–Senate budget writers will start their budget hearings this week. A Finance subcommittee will hear from officials with the Secretary of State’s office and the Department of Transportation Wednesday.
–A Medical Affairs panel will examine a bill by Sen. Mike Rose (R-Summerville) that would put tougher restrictions in place on “residential treatment facilities” for children and teens. Among other rules, the centers could not be located within 1,000 feet of certain public places, such as parks or schools. Rose drafted the bill after a series of high-profile escapes from the Palmetto Behavioral Health facility– a center for troubled teens in Summerville.
–A Fish, Game, & Forestry subcommittee will take up some minor bills, including one by Sen. Ronnie Cromer (R-Prosperity) that makes it illegal to hunt deer with firearms near a residence without the owner’s permission.
–The Senate Education Committee will consider a pair of military student bills– one by Sen. Darrell Jackson (D-Columbia) would allow active-duty military personnel to pay less for some college courses… Another by Sen. Larry Martin (R-Pickens) would make it easier for military children to participate in athletics and extracurricular activities regardless of whether that child has a parent in the school district.
–A Transportation subcommittee will consider a series of bills that reform the state Department of Transportation. Senators are keeping an eye on the House bill mentioned above.
–A Judiciary subcommittee will debate a “cleanup bill” to fix some permit problems with a law passed last year that requires a copper seller to obtain a permit. Sen. Clementa Pinckney (D-Ridgeland) says there are some minor problems with last year’s law, although he says the law has helped reduce copper theft by 200 percent.
–Senate Banking and Insurance members will hold a hearing on a bill by Rep. Bill Sandifer (R-Seneca) that would tweak how insurance companies could report their assets.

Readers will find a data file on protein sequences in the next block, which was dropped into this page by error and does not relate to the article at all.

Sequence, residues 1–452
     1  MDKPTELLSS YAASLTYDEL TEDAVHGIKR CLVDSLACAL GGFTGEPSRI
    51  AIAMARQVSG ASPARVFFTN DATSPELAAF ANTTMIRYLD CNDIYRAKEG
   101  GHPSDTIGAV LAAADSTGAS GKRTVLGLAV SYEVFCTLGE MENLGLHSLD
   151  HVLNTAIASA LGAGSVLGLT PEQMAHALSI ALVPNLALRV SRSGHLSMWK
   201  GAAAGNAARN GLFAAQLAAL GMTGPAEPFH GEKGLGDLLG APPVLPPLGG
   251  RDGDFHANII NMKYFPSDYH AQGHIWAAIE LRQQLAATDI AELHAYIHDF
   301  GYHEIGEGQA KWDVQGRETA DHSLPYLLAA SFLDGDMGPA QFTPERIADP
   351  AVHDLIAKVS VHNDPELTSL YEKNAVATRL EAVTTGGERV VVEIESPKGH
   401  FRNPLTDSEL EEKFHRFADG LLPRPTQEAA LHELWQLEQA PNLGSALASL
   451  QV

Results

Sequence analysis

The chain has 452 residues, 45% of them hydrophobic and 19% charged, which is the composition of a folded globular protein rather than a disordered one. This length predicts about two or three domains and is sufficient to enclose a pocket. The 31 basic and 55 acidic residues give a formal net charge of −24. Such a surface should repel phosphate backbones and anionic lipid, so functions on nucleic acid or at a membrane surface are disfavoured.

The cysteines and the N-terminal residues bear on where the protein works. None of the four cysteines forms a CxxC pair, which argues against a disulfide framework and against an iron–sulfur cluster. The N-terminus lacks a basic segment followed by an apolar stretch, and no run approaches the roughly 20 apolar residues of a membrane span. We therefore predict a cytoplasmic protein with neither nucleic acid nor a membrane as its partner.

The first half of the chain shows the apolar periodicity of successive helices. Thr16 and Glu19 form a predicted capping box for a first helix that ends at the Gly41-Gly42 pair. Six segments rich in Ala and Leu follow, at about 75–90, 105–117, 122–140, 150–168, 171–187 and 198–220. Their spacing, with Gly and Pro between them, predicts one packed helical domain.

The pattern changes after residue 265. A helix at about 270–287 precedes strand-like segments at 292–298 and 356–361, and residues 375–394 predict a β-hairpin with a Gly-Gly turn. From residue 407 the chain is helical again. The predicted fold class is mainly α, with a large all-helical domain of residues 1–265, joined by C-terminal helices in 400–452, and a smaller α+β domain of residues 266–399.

–An Environmental Affairs subcommittee will hear a bill by Rep. Nelson Hardwick (R-Surfside Beach) that tries to reverse a Supreme Court decision last year that allowed members of the public to sue pollution violators, whereas previous interpretations only allowed the state’s environmental agency to bring suit.
–An ad hoc retirement committee will hear several different proposals on how to tweak the age and years requirements for South Carolina’s pension system. The committee is trying to deal with an estimated $13 billion future liability in the retirement system.
–A Higher Education subcommittee will consider a bill by Rep. Nathan Ballentine (R-Chapin) that would require the South Carolina and Clemson football teams to play each other at least once every year.
–A Criminal Laws subcommittee will consider another bill by Sandifer that would make it so that a person found guilty of homicide by child abuse would face either life in prison or even the death penalty. Currently, there is a minimum sentence of 20 years in prison.
–The Special Laws subcommittee will consider a proposal by Rep. Bill Taylor (R-Aiken) that would not allow state agencies to charge more than the “fair market rates” to compile Freedom of Information Act requests.
–The Education and Public Works Committee will consider several bills, including the “Jason Flatt Act” by Rep. Phil Owens (R-Easley) which requires middle and high school employees to complete two hours of youth suicide prevention training when they renew their certification… Another bill by Rep. Don Bowen (R-Anderson) seeks to ban texting while driving.
–A Constitutional Laws subcommittee will hear testimony on a bill by Rep. Mike Pitts (R-Laurens) that would allow gold and silver coins to be used as legal tender in South Carolina.